AR/VR technologies are usually based on a source code, this ‘source code’ or ‘computer programs’ qualifies as a literary work under the ambit of the act and thus once the technology is created its underlying code can be protected under the Indian Copyright Act, 1957. The use of AR devices introduces new possibilities for manipulating our surroundings, potentially leading to the superimposition of data over protected content. This raises concerns about potential copyright violations. Museums, for example, have embraced AR technology by providing visitors with augmented reality goggles that enhance their experience with additional information about sculptures and paintings.

However, the incorporation of copyrighted material in such AR experiences may infringe upon the rights of copyright owners.

The applicability of the “fair dealing” provision in Section 52 of the Copyright Act in these scenarios is a matter of debate. While reproduction and alterations are protected by copyrights, the use of AR to augment protected content may not fall under the fair dealing provision. This legal ambiguity needs further clarification to ensure proper protection for copyright holders and guide the implementation of AR technologies in compliance with copyright laws.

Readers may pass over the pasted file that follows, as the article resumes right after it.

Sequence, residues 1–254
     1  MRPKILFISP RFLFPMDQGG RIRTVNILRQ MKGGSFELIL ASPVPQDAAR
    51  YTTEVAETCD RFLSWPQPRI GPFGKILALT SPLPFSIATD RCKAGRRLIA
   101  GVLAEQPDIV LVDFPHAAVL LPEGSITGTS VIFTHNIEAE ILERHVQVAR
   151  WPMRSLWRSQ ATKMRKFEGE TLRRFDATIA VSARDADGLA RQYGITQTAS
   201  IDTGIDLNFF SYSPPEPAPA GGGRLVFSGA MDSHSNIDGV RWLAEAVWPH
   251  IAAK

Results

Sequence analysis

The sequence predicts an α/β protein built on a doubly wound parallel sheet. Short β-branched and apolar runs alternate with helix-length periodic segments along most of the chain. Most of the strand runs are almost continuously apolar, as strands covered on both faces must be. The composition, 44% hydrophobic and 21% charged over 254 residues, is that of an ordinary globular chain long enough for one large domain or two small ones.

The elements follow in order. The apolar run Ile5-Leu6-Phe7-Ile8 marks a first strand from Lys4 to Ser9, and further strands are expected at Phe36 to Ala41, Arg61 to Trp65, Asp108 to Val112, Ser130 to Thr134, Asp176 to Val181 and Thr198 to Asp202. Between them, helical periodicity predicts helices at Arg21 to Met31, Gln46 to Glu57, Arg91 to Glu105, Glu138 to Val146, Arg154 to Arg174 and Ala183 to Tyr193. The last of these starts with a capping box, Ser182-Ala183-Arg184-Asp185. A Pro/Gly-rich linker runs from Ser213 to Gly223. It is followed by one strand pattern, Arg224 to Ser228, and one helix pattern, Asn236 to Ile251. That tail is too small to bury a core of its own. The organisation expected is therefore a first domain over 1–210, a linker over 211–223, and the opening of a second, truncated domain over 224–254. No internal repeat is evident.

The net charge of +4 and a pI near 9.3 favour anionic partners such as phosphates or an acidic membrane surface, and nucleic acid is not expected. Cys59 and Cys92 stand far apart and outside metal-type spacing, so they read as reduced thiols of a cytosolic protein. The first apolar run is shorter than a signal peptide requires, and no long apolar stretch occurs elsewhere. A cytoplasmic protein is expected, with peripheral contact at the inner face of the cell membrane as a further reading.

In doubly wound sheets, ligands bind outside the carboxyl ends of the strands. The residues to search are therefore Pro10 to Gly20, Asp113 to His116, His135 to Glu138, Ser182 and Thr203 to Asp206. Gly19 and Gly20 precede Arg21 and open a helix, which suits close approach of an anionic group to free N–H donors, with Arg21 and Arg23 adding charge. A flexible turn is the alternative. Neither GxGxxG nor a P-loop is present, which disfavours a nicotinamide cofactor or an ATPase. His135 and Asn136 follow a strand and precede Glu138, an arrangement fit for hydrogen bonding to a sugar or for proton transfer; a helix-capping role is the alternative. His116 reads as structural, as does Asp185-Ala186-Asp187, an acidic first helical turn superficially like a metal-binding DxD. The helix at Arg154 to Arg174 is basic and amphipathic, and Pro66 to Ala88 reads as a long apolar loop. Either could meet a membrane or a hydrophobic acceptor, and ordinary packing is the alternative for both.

In the United States, the concept of transformative use has been well-established in copyright law. However, in India, the Supreme Court has ruled that if a previously published work is presented or treated differently, it can be regarded as a new work. This perspective adds complexity to determining the copyright implications of using AR to alter or present copyrighted material differently.

In relation to the AR/VR the software, graphics, audiovisual content, and artistic expressions are elements which can be protected under the copyright regime of India. In order to qualify for copyright protection in India, it is essential that the works which seek to be protected qualify the doctrine of ‘Modicum of Creativity’ as laid down by the supreme court in Eastern Book Company v. D.B. Modak. To establish copyright, the creativity standard applied is not that something must be novel or non-obvious, but some amount of creativity in the work to claim a copyright is required.